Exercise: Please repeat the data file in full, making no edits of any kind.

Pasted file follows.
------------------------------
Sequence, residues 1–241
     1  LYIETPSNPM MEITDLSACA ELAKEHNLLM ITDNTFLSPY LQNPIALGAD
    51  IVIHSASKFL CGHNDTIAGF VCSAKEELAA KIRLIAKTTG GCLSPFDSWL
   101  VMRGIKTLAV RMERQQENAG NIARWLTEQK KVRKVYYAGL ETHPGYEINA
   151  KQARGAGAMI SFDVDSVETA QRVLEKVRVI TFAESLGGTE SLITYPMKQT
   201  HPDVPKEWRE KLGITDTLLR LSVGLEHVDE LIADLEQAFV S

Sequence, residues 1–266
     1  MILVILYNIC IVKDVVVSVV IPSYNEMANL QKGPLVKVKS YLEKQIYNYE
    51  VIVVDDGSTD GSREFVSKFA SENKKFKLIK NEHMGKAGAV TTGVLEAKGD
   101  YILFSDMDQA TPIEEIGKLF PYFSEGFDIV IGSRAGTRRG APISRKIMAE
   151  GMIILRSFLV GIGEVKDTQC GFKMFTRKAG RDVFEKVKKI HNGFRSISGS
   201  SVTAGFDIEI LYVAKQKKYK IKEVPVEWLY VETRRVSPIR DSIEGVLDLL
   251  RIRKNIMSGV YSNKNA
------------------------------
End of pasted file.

Sequence, residues 1–241
     1  LYIETPSNPM MEITDLSACA ELAKEHNLLM ITDNTFLSPY LQNPIALGAD
    51  IVIHSASKFL CGHNDTIAGF VCSAKEELAA KIRLIAKTTG GCLSPFDSWL
   101  VMRGIKTLAV RMERQQENAG NIARWLTEQK KVRKVYYAGL ETHPGYEINA
   151  KQARGAGAMI SFDVDSVETA QRVLEKVRVI TFAESLGGTE SLITYPMKQT
   201  HPDVPKEWRE KLGITDTLLR LSVGLEHVDE LIADLEQAFV S

Sequence, residues 1–266
     1  MILVILYNIC IVKDVVVSVV IPSYNEMANL QKGPLVKVKS YLEKQIYNYE
    51  VIVVDDGSTD GSREFVSKFA SENKKFKLIK NEHMGKAGAV TTGVLEAKGD
   101  YILFSDMDQA TPIEEIGKLF PYFSEGFDIV IGSRAGTRRG APISRKIMAE
   151  GMIILRSFLV GIGEVKDTQC GFKMFTRKAG RDVFEKVKKI HNGFRSISGS
   201  SVTAGFDIEI LYVAKQKKYK IKEVPVEWLY VETRRVSPIR DSIEGVLDLL
   251  RIRKNIMSGV YSNKNA